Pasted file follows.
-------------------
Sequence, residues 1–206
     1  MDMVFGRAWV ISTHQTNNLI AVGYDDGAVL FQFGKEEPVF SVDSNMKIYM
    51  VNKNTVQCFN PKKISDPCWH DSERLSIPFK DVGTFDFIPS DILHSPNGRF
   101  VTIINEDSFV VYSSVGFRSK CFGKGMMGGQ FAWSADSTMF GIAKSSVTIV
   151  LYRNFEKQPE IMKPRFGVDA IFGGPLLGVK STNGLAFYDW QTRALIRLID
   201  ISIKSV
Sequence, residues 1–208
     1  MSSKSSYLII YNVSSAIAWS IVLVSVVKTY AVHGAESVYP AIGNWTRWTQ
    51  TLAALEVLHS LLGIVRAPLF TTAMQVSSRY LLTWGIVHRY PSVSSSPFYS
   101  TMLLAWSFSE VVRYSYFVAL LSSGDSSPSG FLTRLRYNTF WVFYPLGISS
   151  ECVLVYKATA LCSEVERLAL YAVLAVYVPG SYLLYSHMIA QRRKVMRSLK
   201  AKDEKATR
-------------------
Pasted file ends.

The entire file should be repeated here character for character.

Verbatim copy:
Sequence, residues 1–206
     1  MDMVFGRAWV ISTHQTNNLI AVGYDDGAVL FQFGKEEPVF SVDSNMKIYM
    51  VNKNTVQCFN PKKISDPCWH DSERLSIPFK DVGTFDFIPS DILHSPNGRF
   101  VTIINEDSFV VYSSVGFRSK CFGKGMMGGQ FAWSADSTMF GIAKSSVTIV
   151  LYRNFEKQPE IMKPRFGVDA IFGGPLLGVK STNGLAFYDW QTRALIRLID
   201  ISIKSV
Sequence, residues 1–208
     1  MSSKSSYLII YNVSSAIAWS IVLVSVVKTY AVHGAESVYP AIGNWTRWTQ
    51  TLAALEVLHS LLGIVRAPLF TTAMQVSSRY LLTWGIVHRY PSVSSSPFYS
   101  TMLLAWSFSE VVRYSYFVAL LSSGDSSPSG FLTRLRYNTF WVFYPLGISS
   151  ECVLVYKATA LCSEVERLAL YAVLAVYVPG SYLLYSHMIA QRRKVMRSLK
   201  AKDEKATR